A return to single-day local body elections is being mooted as local body leaders grapple with falling local body election voting statistics.
Of the three Hawke's Bay mayors seeking re-election - one already confirmed unopposed - both Napier Mayor Bill Dalton and Wairoa Mayor Craig Little indicated a preference for a return to polling day, although not ruling out the current polling day or online voting which at one stage was to have been trialled in some areas this year.
The third, Hasting mayor and Local Government New Zealand chairman Lawrence Yule, hopes a review of this year's election, which ends at midday tomorrow, will throw up some answers as to why voting numbers have declined, and whether the trends would be reversed by just changing the method of casting a vote.
The three were commenting yesterday as voting return showed that in the major urban areas of Napier and Hastings numbers will be well down on the numbers that voted in the last Local Elections in 2013.
Mr Little was the more adamant, saying: "It's a shame we don't all go back to the old days."
Mr Dalton believes it would be "worthwhile" to trial polling booth voting again, but Mr Yule said that while a return to polling days hasn't been seriously considered recently, but he says he "can't explain" the trends, although low voting trends are most prominent in bigger centres.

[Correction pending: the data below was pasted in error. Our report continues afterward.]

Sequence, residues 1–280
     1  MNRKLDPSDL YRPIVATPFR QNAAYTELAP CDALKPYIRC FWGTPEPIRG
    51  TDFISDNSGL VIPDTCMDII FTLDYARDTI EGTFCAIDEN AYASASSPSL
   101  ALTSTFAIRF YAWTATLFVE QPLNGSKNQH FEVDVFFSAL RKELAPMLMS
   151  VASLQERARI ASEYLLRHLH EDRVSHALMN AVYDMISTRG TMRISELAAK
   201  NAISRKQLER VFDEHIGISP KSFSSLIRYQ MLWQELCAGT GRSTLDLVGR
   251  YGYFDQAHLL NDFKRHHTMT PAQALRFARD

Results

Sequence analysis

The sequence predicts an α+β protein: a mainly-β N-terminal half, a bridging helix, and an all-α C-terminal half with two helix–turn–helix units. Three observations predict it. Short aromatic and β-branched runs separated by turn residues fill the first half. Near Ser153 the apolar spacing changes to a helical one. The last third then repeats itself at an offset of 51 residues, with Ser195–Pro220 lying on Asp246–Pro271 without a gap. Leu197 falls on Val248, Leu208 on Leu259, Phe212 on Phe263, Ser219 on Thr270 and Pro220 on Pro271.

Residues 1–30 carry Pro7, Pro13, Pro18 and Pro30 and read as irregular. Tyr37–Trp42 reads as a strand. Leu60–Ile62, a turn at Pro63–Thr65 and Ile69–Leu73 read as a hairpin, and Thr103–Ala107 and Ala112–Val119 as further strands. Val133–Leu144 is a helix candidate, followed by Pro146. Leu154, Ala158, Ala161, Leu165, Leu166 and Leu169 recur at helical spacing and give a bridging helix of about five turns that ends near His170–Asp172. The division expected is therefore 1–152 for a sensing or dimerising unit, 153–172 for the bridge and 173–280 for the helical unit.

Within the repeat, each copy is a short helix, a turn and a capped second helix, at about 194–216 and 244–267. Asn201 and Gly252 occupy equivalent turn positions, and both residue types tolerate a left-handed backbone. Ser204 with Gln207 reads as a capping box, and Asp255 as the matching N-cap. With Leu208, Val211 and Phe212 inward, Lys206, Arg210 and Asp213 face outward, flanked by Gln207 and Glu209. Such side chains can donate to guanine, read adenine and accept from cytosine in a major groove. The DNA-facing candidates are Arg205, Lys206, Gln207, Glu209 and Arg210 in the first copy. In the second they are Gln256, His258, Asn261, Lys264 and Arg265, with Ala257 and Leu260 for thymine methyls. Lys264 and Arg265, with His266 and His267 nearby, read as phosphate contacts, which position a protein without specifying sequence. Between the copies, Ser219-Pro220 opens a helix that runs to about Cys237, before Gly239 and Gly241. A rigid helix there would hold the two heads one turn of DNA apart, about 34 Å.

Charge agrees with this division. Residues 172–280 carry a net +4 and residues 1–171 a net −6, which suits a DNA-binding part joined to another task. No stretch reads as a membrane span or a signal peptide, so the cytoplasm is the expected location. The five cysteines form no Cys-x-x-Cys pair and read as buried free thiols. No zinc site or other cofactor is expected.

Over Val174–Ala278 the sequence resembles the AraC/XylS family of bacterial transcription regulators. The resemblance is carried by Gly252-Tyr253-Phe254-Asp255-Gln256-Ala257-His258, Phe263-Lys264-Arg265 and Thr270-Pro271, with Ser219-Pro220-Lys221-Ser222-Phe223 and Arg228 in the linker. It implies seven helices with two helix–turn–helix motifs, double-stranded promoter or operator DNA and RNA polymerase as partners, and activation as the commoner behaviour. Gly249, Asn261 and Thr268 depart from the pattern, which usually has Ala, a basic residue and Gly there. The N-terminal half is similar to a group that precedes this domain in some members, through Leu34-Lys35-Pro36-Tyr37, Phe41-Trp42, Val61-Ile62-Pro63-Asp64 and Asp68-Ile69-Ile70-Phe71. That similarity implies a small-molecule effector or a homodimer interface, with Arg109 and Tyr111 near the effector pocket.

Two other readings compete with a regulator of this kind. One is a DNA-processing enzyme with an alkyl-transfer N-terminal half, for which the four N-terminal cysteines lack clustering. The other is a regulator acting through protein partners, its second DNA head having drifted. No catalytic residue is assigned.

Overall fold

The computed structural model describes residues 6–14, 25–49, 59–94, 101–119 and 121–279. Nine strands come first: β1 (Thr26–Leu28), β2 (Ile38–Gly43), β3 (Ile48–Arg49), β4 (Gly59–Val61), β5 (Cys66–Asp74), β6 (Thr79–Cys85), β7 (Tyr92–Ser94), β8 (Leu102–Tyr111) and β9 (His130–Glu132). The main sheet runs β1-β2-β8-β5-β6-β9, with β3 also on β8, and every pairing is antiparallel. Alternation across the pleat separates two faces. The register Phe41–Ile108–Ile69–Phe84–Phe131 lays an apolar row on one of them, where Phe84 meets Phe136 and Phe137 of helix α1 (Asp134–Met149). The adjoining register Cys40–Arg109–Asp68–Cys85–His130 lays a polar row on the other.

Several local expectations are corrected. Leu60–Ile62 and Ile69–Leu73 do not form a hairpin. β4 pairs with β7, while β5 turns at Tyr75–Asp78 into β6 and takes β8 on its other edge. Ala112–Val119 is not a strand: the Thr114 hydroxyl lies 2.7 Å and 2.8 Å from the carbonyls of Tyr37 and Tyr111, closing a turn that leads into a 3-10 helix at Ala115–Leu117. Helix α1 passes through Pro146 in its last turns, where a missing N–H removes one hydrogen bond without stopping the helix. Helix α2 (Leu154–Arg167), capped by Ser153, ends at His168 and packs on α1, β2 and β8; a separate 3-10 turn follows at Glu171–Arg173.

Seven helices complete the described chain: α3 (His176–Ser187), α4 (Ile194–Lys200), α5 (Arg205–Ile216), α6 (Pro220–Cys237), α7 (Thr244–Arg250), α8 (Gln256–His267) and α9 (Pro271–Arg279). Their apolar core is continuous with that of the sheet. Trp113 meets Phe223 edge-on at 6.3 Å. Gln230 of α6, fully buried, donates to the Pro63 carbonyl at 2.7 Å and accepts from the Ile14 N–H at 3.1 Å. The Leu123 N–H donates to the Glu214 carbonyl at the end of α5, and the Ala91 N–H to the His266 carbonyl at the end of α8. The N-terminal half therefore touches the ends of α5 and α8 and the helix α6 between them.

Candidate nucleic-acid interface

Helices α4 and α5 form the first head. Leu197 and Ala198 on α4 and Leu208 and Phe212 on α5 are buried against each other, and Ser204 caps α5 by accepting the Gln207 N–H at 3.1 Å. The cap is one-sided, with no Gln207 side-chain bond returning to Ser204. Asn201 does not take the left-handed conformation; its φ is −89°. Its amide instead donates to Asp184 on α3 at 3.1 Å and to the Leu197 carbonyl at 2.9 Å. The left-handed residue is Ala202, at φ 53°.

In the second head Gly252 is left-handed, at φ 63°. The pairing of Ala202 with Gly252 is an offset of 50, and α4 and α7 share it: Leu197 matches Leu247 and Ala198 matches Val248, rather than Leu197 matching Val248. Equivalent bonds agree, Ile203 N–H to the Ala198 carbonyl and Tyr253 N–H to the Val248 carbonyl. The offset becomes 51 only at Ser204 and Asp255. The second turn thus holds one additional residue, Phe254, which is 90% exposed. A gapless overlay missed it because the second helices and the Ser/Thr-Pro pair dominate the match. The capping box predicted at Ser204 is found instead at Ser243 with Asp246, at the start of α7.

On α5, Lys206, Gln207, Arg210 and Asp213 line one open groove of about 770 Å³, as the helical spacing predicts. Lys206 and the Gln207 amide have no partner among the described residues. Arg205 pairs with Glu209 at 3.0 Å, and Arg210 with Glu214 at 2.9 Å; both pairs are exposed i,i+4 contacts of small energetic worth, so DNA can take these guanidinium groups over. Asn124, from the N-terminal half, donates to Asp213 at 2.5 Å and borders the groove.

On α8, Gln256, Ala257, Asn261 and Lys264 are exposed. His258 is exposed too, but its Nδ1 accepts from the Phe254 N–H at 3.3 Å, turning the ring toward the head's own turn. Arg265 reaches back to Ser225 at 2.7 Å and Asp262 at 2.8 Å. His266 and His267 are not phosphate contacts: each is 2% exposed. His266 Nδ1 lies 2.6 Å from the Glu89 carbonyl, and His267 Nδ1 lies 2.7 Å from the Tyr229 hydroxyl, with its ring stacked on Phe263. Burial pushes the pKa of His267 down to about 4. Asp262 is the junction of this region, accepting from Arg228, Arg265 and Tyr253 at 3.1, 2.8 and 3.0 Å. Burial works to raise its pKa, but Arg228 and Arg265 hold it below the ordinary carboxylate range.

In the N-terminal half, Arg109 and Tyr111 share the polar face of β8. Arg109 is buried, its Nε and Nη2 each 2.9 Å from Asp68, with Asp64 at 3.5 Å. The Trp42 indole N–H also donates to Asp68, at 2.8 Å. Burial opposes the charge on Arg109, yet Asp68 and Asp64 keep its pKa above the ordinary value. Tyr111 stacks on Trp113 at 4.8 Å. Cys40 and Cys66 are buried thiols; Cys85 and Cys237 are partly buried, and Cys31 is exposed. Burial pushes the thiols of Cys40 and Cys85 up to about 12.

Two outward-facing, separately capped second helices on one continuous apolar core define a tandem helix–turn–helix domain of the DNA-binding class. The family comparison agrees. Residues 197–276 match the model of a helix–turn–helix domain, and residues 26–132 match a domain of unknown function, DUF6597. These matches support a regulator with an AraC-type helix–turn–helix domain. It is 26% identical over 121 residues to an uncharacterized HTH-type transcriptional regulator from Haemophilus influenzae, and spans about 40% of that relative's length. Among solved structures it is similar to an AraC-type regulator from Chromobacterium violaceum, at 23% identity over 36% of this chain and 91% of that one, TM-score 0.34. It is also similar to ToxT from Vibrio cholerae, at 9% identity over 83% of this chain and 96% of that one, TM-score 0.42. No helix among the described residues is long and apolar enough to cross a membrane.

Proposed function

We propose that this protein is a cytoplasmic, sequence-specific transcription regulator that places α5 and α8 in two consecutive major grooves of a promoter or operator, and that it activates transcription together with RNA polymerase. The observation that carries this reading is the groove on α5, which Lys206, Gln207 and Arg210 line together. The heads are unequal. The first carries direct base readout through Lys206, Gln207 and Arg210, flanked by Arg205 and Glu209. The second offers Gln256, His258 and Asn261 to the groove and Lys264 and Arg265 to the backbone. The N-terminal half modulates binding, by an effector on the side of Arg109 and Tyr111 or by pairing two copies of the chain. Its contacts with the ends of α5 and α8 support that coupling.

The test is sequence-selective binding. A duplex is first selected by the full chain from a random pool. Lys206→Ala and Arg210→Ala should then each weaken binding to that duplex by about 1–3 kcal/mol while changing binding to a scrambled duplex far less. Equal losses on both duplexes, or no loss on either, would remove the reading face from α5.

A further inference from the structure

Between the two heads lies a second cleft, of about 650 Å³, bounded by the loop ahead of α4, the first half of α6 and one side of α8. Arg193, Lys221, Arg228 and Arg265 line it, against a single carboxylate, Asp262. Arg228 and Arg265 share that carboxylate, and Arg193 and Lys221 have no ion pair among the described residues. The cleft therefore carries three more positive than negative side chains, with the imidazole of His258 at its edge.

In Napier, where the absence of a mayoral contest is widely seen as the reason behind a dramatic decline - over 15 per cent based on polling numbers up to Wednesday - the election could end with three out of every five on the electoral roll of almost 43,000 having not taken up their right to vote.
The figures showed the 13,666 who had voted in Napier was 31.87 per cent of the roll, which compared with a 38.17 per cent vote with three days to go when Mr Dalton and five others battled for the city's vacant mayoralty in 2013.
In the Hastings District, with 37,268 on the roll in the Hastings city area stretching from Havelock North to Flaxmere and 15,875 across the smaller communities and rural areas, papers from just over 34 per cent had been received by late Wednesday, compared with 36.62 per cent at the same stage three years ago. It was particularly impacted by a low vote in Flaxmere, of just 23.94 per cent. Voting in the Hastings district's rural Kahuranaki ward was almost 38 per cent.
Voting in Wairoa was marginally down on 2013, when at 62 per cent the district had one of the highest votes in New Zealand, but electors were putting in a strong showing in central and southern Hawke's Bay where polls are expected to be up on 2013 figures, bolstered by elections for new mayors.
In Central Hawke's Bay the 4582 papers returned represented 48.14 per cent, compared with 46.68 per cent three years ago, and indicating a slim possibility the eventual poll could be over 60 per cent, while in Tararua, stretching from Norsewood to Eketahuna, the 5356 votes represented 44.41 per cent, compared with 41.91 per cent at the same stage of the last election.